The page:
Like many winners of the Mega Millions, these kids were ill-equipped to handle their success. They were earning too much to relate to their age-peers, and taking on too much risk to win the approval of their parents and teachers. Many of them were social misfits to begin with, the kind of teenagers you’d expect to latch on to the idea of spending most of their waking hours playing a computer game. In other eras they might have lived strange lives in relative isolation. But thanks to the Internet’s evolution into the most powerful social networking tool in history, these kids were able to find one other. Through text messages and e-mails, discussion forums, and online chat, they formed powerful relationships that ultimately flourished into a full-on subculture with its own language, fashion, and customs.
In many cases their immersion into instant wealth coincided with living on their own for the first time, leaving a serious void in the whole authority figure department. These kids had the money and freedom to pursue a fantasy cobbled together from rap videos and late-night Cinemax. They developed expensive tastes and partied like rock stars around the world, dropping massive sums on bottle service, strip clubs, party drugs, fast cars, and the replacement cost of whatever property got destroyed along the way. The discovery of like-minds with similarly disposable income helped to reinforce and amplify the bad behavior.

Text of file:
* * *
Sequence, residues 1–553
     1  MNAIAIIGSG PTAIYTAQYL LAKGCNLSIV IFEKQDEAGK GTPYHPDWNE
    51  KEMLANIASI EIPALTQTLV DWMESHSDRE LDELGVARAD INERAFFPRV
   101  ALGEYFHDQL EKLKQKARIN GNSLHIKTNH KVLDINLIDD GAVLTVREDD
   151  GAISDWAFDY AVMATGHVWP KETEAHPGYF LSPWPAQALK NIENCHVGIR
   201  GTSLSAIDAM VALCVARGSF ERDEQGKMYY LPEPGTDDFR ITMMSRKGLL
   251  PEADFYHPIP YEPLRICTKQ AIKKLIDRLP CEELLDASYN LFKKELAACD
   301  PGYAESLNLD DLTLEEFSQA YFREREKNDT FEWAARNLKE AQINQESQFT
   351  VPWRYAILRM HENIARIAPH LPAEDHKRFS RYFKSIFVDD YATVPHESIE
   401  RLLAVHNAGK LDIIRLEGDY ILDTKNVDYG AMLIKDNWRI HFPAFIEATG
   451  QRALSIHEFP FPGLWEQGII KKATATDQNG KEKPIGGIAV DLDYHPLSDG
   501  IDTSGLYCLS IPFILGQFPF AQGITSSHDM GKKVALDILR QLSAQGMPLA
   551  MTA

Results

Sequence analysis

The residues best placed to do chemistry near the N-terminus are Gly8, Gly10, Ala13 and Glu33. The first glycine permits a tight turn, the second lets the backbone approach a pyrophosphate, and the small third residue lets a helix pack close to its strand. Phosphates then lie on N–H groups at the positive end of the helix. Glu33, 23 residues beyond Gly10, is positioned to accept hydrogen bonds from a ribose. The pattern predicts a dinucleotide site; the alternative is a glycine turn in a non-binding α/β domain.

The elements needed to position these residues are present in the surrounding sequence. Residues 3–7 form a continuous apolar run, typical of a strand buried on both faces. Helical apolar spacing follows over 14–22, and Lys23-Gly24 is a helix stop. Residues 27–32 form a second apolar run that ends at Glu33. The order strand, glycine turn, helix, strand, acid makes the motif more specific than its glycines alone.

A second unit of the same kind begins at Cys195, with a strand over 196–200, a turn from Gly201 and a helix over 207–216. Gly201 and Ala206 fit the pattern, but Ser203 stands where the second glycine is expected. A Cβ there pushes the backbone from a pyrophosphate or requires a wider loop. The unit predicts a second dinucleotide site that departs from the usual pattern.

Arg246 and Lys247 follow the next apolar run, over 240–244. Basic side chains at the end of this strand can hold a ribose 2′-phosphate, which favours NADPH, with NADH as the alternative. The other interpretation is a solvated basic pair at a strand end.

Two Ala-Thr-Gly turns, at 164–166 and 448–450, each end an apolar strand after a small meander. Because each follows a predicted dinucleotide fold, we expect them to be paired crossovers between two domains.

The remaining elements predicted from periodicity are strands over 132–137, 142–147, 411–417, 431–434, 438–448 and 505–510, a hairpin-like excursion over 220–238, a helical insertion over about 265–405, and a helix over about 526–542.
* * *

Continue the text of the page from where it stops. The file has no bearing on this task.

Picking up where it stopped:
But the connections weren’t always negative. Some formed loose tribes that shared advice, support, and money. In the absence of adult supervision, they helped one another navigate the oftentimes treacherous waters of postadolescence and, eventually, mature into actual adults themselves.